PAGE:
Spartacus employs powerful means. In the style of the Jesuits (as he says) he considers every mean as consecrated by the end for which it is employed, and he says with great truth,

“Flectere si nequeo superos, Acheronta movebo.”

To save his reputation, he scruples not to murder his innocent child, and the woman whom he had held in his arms with emotions of fondness and affection. But lest this should appear too selfish a motive, he says, “had I fallen, my precious Order would have fallen with me; the Order which is to bless mankind. I should not again have been able to speak of virtue so as to make any lasting impression. My example might have ruined many young men.” This he thinks will excuse, nay sanctify any thing. “My letters are my greatest vindication.” He employs the Christian Religion, which he thinks a falsehood, and which he is afterwards to explode, as the mean for inviting Christians of every denomination, and gradually cajoling them, by clearing up their Christian doubts in succession, till he lands them in Deism; or, if he finds them unfit, and too religious, he gives them a Sta bene, and then laughs at the fears, or perhaps madness, in which he leaves them. Having got them this length, they are declared to be fit, and he receives them into the higher mysteries. But lest they should still shrink back, dazzled by the Pandemonian glare of Illumination which will now burst upon them, he exacts from them, for the first time, a bond of perseverance. But, as Philo says, there is little chance of tergiversation. The life and honor of most of the candidates are by this time in his hand. They have been long occupied in the vile and corrupting office of spies on all around them, and they are found fit for their present honors, because they have discharged this office to his satisfaction, by the reports which they have given in, containing stories of their neighbours, nay even of their own gang. They may be ruined in the world by disclosing these, either privately or publicly. A man who had once brought himself into this perilous situation durst not go back. He might have been left indeed in any degree of Illumination; and, if Religion has not been quite eradicated from his mind, he must be in that condition of painful anxiety and doubt that makes him desperate, fit for the full operation of fanaticism, and he may be engaged in the cause of God, “to commit all kind of wickedness with greediness.” In this state of mind, a man shuts his eyes, and rushes on. Had Spartacus supposed that he was dealing with good men, his conduct would have been the reverse of all this. There is no occasion for this bond from a person convinced of the excellency of the Order. But he knew them to be unprincipled, and that the higher mysteries were so daring, that even some of such men would start at them. But they must not blab.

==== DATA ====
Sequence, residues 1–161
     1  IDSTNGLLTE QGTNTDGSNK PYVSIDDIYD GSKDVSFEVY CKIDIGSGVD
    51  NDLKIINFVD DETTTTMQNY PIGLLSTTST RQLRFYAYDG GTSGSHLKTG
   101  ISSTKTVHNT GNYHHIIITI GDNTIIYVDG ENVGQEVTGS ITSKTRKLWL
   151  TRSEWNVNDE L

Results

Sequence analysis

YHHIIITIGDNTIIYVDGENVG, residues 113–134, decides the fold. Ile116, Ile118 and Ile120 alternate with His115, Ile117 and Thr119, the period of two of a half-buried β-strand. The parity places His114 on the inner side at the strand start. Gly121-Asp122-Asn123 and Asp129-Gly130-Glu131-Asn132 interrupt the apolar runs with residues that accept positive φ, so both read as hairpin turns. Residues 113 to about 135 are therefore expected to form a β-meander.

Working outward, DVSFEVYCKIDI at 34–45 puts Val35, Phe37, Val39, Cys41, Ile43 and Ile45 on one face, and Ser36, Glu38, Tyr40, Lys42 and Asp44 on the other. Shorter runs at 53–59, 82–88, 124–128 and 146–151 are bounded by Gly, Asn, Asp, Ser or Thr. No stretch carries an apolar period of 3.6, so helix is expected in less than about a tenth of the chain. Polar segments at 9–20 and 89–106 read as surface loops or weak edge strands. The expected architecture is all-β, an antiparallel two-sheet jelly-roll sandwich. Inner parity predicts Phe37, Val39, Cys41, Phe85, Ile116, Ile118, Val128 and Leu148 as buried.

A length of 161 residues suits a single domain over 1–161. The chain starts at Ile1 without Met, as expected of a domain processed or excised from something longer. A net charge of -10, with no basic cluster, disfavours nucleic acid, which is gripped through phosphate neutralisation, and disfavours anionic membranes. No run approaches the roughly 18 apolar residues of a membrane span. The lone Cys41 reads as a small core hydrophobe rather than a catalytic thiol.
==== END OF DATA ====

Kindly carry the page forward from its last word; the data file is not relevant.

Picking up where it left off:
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About Independent Press 328 Articles
Methinks I am a conspiracy theorist. Art thou? Thou block, thou stone, thou worse than senseless thing, for whilst thou slept didst this become a badge of honor. Informed dissent shall always prevail, wherefore art thou worthy, or art thou this unwholesome fool in the group conformity experiment herein?